Along the way Panks also created picturesque tracks like Sedona Golf Resort and the Trilogy at Vistancia in Peoria, the only course in Arizona that was ever honored with five stars from Golf Digest. And, of course, some very solid private clubs like Seville Country Club in Gilbert, as well as two completely different courses at Tonto Verde Country Club near Rio Verde.
     “Which one is my favorite? That’s like asking which of your children is your favorite,’’ Panks said with a laugh. “I like them all for various reasons, but I guess if you really pressed me I’d have to say it’s hard not to point to the natural beauty of Chaparral Pines or a championship course like Twin Warriors over in New Mexico, where they hold the PGA qualifier.’’
     One of Panks’ close friends and former associates, Tom Colceri, said that Panks made his name by following “a very friendly philosophy of golf course design.’’
     “The thing about Gary’s golf courses have always been that they worked out well for the golfers who have played them and for the developers who were behind them (financially),’’ Colceri explained. “Gary always built courses that were golfer-friendly and fun to play, and unlike some (golf course architects) he never built a bad one, chiefly because he never let his ego get in the way.’’
     Colceri also makes an interesting point about how Panks’ reputation has been solidified mostly by creating golf courses on average pieces of land while some of his peers have had the luxury of building courses along ocean cliffs and mountain tops.
      "That’s what has really separated Gary from everybody else in the business. He’s just so creative,” Colceri noted. "He can take a piece of land with no redeeming qualities and turn it into a beautiful golf course.
       "Look at the Raven at South Mountain or the Legacy, or Trilogy at Vistancia or Seville; all were either cotton fields or orange groves. . . . It’s hard to screw up a golf course where the setting is spectacular, but you really have to work hard to make an average piece of land great.”
     Panks said he always has stuck to a simple design theme “that has a sound strategy and doesn’t favor any particular style of play.’’
     “I want my courses to be enjoyed by players of all levels, from the pros right on down to the beginners,’’ he said. “So we build appealing golf holes that will test a golfer’s game – most are shot-makers’ courses — and still allow the bogey golfer to play without having to challenge the hazards.’’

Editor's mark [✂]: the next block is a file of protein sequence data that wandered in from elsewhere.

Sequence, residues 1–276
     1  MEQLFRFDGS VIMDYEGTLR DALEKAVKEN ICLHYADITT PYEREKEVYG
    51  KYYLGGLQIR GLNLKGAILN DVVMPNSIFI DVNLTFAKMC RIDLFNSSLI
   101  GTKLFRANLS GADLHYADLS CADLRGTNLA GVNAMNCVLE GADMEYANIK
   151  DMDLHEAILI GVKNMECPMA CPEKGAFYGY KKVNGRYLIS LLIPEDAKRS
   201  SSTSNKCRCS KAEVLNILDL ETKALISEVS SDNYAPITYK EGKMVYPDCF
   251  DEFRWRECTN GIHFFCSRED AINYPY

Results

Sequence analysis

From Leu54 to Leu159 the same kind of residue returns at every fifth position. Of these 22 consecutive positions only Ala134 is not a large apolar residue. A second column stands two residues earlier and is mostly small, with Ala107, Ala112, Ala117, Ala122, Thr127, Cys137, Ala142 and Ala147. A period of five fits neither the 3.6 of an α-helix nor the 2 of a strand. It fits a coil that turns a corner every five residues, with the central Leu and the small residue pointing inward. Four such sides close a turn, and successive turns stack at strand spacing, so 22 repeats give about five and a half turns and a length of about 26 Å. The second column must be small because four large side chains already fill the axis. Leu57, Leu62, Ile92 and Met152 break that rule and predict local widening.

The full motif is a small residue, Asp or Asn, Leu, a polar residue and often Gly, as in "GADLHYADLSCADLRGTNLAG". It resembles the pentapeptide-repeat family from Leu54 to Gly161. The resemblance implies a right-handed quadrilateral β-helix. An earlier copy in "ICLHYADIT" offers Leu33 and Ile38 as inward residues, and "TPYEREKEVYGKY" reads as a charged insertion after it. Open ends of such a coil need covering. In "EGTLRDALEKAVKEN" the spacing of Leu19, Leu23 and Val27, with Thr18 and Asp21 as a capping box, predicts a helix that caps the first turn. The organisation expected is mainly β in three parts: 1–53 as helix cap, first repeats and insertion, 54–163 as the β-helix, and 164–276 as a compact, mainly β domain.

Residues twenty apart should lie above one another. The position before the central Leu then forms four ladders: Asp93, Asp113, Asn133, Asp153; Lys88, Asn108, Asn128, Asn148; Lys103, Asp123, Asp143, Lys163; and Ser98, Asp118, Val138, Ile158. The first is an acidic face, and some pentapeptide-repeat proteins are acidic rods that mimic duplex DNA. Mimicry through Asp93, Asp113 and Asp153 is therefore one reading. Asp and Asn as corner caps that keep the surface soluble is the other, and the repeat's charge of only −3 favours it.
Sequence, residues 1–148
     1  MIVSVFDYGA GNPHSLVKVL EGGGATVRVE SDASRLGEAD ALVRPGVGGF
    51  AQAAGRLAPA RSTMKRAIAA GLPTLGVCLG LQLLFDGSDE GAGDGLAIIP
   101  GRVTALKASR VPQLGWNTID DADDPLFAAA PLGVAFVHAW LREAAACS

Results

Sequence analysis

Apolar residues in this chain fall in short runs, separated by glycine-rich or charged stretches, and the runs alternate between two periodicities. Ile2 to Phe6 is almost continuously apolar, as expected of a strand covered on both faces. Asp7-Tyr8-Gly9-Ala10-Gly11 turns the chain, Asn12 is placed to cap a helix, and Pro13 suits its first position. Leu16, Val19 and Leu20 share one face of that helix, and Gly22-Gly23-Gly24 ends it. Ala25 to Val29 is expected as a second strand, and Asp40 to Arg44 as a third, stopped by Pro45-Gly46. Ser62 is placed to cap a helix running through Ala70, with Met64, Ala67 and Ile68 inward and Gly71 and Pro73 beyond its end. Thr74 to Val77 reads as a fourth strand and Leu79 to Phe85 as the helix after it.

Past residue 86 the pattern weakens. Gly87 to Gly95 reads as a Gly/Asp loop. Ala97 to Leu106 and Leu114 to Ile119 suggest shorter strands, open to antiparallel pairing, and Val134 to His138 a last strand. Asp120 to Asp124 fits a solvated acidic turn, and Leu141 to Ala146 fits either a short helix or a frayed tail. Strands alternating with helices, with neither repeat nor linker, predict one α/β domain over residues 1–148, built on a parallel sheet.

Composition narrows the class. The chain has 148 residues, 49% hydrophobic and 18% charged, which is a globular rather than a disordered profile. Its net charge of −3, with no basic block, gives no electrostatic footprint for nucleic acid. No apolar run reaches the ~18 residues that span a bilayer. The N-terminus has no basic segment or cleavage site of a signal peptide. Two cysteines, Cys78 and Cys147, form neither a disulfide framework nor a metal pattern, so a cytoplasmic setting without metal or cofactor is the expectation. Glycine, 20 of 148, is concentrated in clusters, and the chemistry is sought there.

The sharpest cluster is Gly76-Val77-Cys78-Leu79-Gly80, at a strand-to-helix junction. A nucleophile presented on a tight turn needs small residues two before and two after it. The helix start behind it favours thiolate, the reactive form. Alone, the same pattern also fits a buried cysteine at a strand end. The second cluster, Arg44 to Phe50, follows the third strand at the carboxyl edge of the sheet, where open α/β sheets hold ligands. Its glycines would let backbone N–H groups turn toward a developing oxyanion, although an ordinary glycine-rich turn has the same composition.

Proof of Panks’ popularity and consistency came six years ago when he closed his office in Scottsdale and planned to scale back on his operation, thinking that MAYBE he would do a course a year on his own from his office in his home. It didn’t work.
    “Almost immediately I was inundated with five or six projects, and so I had to go back out there and hire some help,’’ he said, shaking his head at his brief encounter with semi-retirement. “I guess I’ll probably never retire even if I did end up keeping my office at home.’’
     Today, Panks is nearing completion of his 41st course called Conestoga Golf Club near Mesquite, Nev. The project, which had its construction interrupted for about 18 months while it was under the Anthem banner for Del Webb, comes in a time when golf course design in general has been impacted by a sagging worldwide economy.
     “Obviously, there has been a big downturn in course construction, and being that we’re overbuilt (with golf courses) in Arizona doesn’t help,’’ Panks noted. “Plus, they have become so expensive to maintain, and the costs of clubhouses have just sky-rocketed.
      “When I first started you could be a pretty good course for $3 million, and then back in the boom era (1985-2000) they got up to about $10 million to $15 million.
      “Today, we’re building Conestoga for around $20 million, and it’s hard to make it back (money on the investment) on anything but lot sales. So things have really slowed down.’’
     Reluctantly, Panks said those good ol’ days in Arizona of “if you build them they will come’’ are history.
.     “Oh, yes, I remember when we were building 10 to 12 courses a year. It was an exciting time, you might even call it the days of euphoria,’’ Panks recalled. “But we got ahead of ourselves, thinking the party would never end.
     “Today, I feel sorry for a lot of the developers out there who are stuck. It’s been tough on them lately, that’s for sure. But for the most part, Arizona is done (building courses) in the metro Phoenix-Scottsdale area, although we may still see some courses being built in the future in outlying areas.’’
      As for his legacy, Gary Panks’ small ego and big heart remain firmly in place.
     “My only thought is that I hope the people who play my courses in the future will always enjoy them,’’ he said. “I know that some people will still remember who built them in the years to come, but most people won’t.    
     “I don’t have a name like Nicklaus or Weiskopf, and I’m not a former (PGA Tour) player. So for me it’s always been all about the golf course.’’
     Once again, spoken like a true champion.